Jillian had begun the semester with much-appreciated displays of intelligence and energy, which have since dwindled. Often she didn’t even open her book in class. I’d seen this happen to other bright lights. The apathy that surrounds them has a corrosive effect. I ask about her job.
“How are things at KFC?”
“I don’t know,” she shrugs.
“That’s hilarious that they prefer the clunky KFC over the old name. I guess a global food hopeful doesn’t want to have come from a ‘backward’ place like Kentucky, and no one wants to be reminded that what they’re eating is fried, but how do they explain avoiding the fact that it’s chicken?”
“I guess they just want people to think of it as food-blobs.”
“Like it squirted out of a Play-Doh Fun Factory.”
I am trying to resurrect a rapport that Jillian and I used to have. We would discuss how drive-thrus such as KFC’s alienate the consumer from the process of food preparation, or how politically shaky the cartoon image of the Colonel is.
“You know, that’s what Microsoft’s spell-check tries to change Kafka to: KFC.”
“Mr. Bowers, I don’t have much time to talk.”
Yikes. Something has happened to the spirited student who wrote way over the minimum-length requirement on her first essay. She tells me that she came by because she is thinking about dropping out, a victim of Too Much Life. For one thing, she feels she needs more hours at KFC to help make her car payments. Also, her father is very ill. More pressingly, she is being fought over by two young Hispanic men and is afraid for her safety. One of them, a mechanic, was so unchivalric as to remove the nuts from her wheels, causing them to slip off in her driveway. She fears the sabotage will escalate.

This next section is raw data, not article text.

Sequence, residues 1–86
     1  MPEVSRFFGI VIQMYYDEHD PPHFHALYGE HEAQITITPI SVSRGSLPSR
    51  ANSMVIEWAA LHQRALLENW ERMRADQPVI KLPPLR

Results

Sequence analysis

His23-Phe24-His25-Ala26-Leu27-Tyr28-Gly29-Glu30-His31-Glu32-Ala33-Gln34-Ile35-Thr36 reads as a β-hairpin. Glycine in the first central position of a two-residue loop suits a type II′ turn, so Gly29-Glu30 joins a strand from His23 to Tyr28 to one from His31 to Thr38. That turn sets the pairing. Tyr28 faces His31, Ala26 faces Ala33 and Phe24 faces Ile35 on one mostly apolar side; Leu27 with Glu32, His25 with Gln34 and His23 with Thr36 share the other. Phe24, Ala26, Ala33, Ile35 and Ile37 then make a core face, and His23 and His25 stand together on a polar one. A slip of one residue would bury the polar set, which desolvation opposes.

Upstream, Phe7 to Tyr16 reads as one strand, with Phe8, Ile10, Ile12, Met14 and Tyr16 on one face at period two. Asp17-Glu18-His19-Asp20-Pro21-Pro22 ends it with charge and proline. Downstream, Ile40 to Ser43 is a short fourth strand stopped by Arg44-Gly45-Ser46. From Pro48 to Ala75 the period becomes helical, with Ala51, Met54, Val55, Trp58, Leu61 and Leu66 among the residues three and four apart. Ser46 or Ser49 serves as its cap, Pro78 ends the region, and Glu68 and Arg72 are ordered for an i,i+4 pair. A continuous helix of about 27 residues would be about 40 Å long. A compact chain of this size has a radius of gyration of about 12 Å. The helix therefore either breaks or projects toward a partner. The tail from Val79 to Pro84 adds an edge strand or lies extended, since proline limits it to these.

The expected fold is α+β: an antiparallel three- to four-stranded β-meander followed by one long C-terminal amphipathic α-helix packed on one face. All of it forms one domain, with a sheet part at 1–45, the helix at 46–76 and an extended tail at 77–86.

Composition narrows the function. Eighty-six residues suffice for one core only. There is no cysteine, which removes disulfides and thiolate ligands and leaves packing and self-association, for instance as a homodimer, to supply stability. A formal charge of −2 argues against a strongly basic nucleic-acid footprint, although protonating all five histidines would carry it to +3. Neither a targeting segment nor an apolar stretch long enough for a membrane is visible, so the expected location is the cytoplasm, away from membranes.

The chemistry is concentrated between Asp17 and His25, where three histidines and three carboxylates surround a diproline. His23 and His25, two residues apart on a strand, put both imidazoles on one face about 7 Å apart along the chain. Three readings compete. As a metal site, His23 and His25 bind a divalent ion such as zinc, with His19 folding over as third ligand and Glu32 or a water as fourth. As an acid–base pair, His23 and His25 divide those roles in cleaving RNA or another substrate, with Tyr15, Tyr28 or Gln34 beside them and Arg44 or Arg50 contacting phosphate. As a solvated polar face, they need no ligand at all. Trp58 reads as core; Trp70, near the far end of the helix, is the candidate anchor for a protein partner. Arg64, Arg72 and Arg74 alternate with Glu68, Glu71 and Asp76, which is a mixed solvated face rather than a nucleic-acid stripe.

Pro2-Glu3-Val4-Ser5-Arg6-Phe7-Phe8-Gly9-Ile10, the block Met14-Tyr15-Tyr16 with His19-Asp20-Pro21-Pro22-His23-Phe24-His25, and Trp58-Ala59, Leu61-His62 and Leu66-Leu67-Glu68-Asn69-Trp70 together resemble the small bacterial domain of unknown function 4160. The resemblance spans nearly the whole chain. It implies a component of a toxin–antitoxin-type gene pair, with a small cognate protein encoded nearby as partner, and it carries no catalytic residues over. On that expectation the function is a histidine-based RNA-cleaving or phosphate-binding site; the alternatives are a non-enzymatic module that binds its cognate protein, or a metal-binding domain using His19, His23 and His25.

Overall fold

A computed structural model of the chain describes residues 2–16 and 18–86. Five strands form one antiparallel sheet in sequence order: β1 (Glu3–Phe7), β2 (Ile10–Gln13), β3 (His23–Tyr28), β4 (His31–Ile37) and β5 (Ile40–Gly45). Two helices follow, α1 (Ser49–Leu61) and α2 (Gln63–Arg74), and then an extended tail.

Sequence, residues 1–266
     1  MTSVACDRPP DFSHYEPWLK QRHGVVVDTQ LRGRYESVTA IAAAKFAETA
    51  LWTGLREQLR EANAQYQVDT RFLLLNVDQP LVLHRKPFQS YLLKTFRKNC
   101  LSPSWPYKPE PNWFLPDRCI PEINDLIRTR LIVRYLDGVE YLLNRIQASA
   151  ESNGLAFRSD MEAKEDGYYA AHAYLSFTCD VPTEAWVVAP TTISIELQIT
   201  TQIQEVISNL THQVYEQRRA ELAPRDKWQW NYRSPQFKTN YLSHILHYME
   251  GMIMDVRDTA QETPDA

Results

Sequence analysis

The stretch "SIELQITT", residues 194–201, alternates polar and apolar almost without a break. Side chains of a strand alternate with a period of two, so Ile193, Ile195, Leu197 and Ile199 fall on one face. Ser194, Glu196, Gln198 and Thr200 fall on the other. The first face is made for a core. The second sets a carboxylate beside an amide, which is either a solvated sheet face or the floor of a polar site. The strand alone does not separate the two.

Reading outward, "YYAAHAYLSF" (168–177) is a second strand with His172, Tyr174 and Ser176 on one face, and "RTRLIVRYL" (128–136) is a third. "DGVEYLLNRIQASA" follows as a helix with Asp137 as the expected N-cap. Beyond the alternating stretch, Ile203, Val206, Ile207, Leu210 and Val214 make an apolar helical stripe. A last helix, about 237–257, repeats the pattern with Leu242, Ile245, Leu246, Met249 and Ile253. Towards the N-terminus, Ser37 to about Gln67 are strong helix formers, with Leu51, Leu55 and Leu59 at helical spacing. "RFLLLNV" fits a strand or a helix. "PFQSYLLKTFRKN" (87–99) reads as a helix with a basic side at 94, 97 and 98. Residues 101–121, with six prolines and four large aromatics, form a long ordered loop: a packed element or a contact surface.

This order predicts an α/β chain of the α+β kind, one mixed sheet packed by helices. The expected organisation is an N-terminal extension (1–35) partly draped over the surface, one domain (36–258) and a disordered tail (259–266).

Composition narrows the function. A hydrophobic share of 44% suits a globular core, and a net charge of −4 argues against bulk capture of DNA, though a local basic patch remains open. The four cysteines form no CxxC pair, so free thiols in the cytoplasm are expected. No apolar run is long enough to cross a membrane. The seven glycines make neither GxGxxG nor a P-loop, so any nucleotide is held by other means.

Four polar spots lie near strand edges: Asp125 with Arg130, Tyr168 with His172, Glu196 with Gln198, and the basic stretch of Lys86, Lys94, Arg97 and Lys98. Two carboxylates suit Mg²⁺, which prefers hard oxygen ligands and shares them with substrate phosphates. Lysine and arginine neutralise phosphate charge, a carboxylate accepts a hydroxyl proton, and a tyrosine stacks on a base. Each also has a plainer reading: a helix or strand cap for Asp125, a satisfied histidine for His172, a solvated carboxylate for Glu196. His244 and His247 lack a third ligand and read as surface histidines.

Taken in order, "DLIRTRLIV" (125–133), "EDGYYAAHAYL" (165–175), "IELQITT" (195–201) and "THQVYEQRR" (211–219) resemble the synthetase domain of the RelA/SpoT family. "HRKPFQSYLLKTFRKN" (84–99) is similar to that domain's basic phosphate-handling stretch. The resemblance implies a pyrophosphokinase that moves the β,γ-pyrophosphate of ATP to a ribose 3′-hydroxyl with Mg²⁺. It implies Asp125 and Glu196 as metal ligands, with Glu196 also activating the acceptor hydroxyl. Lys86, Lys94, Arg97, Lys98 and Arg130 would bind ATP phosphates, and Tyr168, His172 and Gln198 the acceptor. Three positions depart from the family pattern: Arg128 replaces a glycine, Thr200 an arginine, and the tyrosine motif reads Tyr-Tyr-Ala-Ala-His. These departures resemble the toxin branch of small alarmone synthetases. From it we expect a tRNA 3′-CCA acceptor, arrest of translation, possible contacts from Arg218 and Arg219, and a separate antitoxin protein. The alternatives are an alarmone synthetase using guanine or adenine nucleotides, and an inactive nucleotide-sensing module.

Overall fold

I am confronted with these scenarios all the time and am, of course, not qualified as a counselor. Perhaps some students reach a comfort level of revelation in their composition papers that they ascribe to my role as their audience. Am I unrealistic to want to joke with my students but also to want to avoid fielding their sorrows? Students have dropped terminal cancer, drug addiction, parental death, child death, drug trafficking, paralysis, rape, and incest in my lap, and I have floundered, become “professional,” and offered some bland, encouraging phrase, too conscious of the ephemeral nature of these intimate semesters and of the dangers of involvement, as well as of taking their horrors to heart. I am the hero whose job it is to write comma splice in the margin beside, My ex-husband held me down, he put himself inside me.